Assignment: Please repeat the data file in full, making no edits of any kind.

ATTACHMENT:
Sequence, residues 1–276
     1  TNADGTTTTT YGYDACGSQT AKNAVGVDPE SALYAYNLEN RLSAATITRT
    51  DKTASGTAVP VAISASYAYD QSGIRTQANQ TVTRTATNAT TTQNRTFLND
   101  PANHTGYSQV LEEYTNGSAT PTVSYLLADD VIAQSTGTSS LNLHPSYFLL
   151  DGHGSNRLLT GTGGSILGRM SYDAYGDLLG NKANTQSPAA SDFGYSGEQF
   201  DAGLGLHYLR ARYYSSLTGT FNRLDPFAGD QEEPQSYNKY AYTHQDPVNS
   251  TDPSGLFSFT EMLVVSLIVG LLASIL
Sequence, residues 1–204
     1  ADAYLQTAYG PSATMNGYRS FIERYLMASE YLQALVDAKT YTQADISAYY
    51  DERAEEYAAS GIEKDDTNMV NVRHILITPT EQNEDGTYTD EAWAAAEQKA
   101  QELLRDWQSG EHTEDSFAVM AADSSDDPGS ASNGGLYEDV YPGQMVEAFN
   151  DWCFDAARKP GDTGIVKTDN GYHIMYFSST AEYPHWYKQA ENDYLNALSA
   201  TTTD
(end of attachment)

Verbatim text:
Sequence, residues 1–276
     1  TNADGTTTTT YGYDACGSQT AKNAVGVDPE SALYAYNLEN RLSAATITRT
    51  DKTASGTAVP VAISASYAYD QSGIRTQANQ TVTRTATNAT TTQNRTFLND
   101  PANHTGYSQV LEEYTNGSAT PTVSYLLADD VIAQSTGTSS LNLHPSYFLL
   151  DGHGSNRLLT GTGGSILGRM SYDAYGDLLG NKANTQSPAA SDFGYSGEQF
   201  DAGLGLHYLR ARYYSSLTGT FNRLDPFAGD QEEPQSYNKY AYTHQDPVNS
   251  TDPSGLFSFT EMLVVSLIVG LLASIL
Sequence, residues 1–204
     1  ADAYLQTAYG PSATMNGYRS FIERYLMASE YLQALVDAKT YTQADISAYY
    51  DERAEEYAAS GIEKDDTNMV NVRHILITPT EQNEDGTYTD EAWAAAEQKA
   101  QELLRDWQSG EHTEDSFAVM AADSSDDPGS ASNGGLYEDV YPGQMVEAFN
   151  DWCFDAARKP GDTGIVKTDN GYHIMYFSST AEYPHWYKQA ENDYLNALSA
   201  TTTD